The USPS has been the topic of much debate over the past couple of years as it reviews its options now that the digital world has seemingly rendered mail service near-obsolete. Though widespread email use has all but eliminated the need to send letters and many people are going paperless in an effort to be green, a lot of people still rely on the post office to deliver bills–especially those who don’t want to give out their banking information online–and package delivery is always a concern.
In an attempt to make things easier for its customers, the Postal Service has even introduced a new service for packages recently that includes giving the customer the ability to pay for and print their own shipping labels at home, then schedule a pick-up using one of the service’s flat-rate boxes. But the agency says it will continue to make packages a priority even as it prepares to end Saturday mail service, scheduled to begin this summer.
Should the Postal Service end Saturday mail delivery? Let us know what you think in the comments.
Packages will still get delivered six days a week, even if regular mail will not. The USPS has been battling Congress for several years now in an effort to get the measure approved, and many are wondering exactly how the agency–which is largely considered quasi-governmental and relies on Congressional approval for all measures–can get away with making the decision for five-day delivery itself.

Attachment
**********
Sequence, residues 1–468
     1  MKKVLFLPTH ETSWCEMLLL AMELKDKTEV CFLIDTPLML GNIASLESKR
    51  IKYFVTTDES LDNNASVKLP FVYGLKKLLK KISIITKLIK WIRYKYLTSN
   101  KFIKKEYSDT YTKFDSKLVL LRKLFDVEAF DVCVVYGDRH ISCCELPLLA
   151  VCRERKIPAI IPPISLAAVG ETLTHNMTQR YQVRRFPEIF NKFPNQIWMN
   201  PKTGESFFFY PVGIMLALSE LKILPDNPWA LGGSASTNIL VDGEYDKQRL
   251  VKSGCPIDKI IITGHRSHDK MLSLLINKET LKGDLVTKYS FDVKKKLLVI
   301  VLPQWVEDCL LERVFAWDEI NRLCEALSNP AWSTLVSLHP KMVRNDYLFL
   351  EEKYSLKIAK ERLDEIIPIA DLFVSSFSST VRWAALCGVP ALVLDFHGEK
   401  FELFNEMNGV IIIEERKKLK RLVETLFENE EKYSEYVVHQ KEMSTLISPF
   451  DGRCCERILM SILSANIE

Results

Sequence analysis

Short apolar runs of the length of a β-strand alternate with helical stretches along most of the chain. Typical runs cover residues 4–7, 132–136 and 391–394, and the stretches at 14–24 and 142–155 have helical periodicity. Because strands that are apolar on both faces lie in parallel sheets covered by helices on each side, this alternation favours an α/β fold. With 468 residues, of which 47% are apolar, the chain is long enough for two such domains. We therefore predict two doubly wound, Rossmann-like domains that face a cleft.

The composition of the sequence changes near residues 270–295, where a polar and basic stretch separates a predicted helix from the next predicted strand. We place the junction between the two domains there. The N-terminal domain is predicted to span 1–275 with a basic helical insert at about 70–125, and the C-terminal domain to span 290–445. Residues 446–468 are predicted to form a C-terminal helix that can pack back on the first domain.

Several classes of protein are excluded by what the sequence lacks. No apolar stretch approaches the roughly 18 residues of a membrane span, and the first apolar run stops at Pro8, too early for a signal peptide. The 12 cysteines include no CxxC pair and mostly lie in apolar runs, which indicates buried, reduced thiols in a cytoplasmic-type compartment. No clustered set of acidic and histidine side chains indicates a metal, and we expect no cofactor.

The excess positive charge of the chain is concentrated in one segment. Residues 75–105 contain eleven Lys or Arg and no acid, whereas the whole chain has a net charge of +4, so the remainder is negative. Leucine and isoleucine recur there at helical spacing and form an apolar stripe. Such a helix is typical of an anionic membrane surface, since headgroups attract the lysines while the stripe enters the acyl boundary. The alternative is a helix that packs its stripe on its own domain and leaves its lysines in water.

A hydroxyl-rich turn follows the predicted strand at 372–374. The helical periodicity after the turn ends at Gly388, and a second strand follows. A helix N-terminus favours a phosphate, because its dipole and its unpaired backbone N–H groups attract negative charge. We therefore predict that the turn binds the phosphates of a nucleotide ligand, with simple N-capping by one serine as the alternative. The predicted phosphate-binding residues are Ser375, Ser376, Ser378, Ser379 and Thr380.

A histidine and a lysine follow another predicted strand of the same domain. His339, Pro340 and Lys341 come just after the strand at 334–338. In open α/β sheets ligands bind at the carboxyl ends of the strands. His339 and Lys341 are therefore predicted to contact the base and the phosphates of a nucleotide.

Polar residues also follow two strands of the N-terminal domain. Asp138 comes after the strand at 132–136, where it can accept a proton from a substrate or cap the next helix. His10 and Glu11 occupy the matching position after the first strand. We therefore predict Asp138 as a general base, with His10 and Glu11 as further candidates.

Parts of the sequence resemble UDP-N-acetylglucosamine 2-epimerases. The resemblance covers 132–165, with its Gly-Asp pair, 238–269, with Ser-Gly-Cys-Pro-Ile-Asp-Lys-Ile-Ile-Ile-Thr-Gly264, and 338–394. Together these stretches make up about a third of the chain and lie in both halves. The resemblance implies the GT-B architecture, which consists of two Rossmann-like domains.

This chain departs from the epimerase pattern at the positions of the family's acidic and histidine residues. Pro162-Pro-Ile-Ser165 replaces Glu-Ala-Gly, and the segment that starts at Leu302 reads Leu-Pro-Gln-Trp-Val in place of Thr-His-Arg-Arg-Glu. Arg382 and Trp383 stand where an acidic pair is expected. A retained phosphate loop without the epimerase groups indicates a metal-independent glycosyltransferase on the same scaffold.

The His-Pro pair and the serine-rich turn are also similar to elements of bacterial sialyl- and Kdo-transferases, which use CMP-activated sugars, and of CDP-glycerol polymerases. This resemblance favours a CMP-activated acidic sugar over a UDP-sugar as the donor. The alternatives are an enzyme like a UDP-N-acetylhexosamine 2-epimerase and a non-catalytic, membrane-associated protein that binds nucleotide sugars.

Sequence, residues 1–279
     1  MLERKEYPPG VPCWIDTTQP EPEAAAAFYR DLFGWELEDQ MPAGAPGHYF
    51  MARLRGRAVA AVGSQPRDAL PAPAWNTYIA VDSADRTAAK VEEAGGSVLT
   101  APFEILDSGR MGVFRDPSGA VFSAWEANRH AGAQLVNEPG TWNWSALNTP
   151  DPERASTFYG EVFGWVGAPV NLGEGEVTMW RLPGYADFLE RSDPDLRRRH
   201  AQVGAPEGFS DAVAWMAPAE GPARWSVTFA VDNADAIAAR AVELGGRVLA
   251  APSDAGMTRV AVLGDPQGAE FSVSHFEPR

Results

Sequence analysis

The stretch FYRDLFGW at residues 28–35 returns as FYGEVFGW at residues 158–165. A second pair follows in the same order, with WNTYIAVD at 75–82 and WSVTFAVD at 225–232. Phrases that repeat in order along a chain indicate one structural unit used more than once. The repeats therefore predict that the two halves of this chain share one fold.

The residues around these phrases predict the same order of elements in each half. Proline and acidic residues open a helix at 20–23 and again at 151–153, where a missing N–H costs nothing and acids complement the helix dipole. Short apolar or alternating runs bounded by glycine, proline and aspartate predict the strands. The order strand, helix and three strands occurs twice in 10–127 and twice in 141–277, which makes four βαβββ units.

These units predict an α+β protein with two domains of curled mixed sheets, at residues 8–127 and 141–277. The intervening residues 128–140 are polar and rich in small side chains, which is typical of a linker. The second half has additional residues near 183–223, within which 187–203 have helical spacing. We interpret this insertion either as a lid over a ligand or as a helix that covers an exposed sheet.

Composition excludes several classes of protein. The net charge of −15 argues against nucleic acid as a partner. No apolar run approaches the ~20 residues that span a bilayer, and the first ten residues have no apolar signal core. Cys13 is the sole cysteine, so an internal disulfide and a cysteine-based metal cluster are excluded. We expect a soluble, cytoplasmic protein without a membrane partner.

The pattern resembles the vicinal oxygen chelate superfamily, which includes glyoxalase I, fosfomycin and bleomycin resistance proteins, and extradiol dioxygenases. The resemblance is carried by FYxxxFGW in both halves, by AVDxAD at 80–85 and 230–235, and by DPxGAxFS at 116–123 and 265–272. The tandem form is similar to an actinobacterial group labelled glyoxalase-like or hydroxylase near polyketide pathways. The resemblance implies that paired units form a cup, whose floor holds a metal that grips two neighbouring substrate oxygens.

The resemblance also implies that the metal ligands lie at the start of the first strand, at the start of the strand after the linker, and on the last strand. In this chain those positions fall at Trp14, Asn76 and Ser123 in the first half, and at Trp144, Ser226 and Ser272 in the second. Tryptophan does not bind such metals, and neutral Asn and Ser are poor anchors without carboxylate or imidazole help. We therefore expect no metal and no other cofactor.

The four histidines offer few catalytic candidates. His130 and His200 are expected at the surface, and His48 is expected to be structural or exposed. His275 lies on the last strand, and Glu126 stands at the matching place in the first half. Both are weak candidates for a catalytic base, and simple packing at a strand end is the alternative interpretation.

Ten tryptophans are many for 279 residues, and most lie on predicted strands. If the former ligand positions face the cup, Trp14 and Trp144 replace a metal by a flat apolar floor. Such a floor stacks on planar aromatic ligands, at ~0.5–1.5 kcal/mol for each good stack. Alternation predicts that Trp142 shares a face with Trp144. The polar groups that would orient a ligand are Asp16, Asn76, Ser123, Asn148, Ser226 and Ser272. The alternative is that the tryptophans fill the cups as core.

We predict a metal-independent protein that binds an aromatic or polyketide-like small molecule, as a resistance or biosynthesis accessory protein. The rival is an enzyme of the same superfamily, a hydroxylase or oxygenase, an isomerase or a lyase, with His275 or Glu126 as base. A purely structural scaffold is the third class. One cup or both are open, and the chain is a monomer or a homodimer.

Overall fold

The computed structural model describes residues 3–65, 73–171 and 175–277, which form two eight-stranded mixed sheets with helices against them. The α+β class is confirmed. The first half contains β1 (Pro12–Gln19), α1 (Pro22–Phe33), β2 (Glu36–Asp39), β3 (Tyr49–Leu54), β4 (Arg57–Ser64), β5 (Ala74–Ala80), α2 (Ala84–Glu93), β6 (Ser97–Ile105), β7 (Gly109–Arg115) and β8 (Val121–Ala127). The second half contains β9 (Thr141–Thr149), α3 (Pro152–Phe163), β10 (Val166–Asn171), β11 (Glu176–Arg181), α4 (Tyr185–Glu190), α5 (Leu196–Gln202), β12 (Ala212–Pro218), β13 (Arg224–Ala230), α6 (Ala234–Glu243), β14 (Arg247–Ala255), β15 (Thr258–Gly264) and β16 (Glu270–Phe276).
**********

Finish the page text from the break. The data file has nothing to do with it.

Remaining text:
Apparently, Postmaster General Patrick R. Donahoe has found a loophole in the system involving the fiscal cliff impasse; even though every appropriations bill Congress has passed for the USPS in the past thirty years has included a six-day mail delivery mandate, they have yet to pass the bill for 2013, which is still operating under the “continuing resolution” the federal government is under due to the fiscal cliff. Unless Congress passes a bill mandating six-day delivery by March 27th–which Donahoe knows is extremely unlikely–the USPS is legally allowed to act on its own. The measure comes at a time when polling shows 70% of Americans support cutting Saturday delivery, especially if it saves the agency a projected $2 billion annually as promised. It would also negate the need to hike up stamp prices, an idea which garnered many protests when it was submitted to the public.
“The Postal Service is advancing an important new approach to delivery that reflects the strong growth of our package business and responds to the financial realities resulting from America’s changing mailing habits,” Donahoe said in a statement. “We developed this approach by working with our customers to understand their delivery needs and by identifying creative ways to generate significant cost savings.”
The USPS also acknowledges that this doesn’t mean it won’t need the help of Congress later on, as the agency is not taxpayer-funded. It wants the support of its customers when it comes to changing legislation in the future.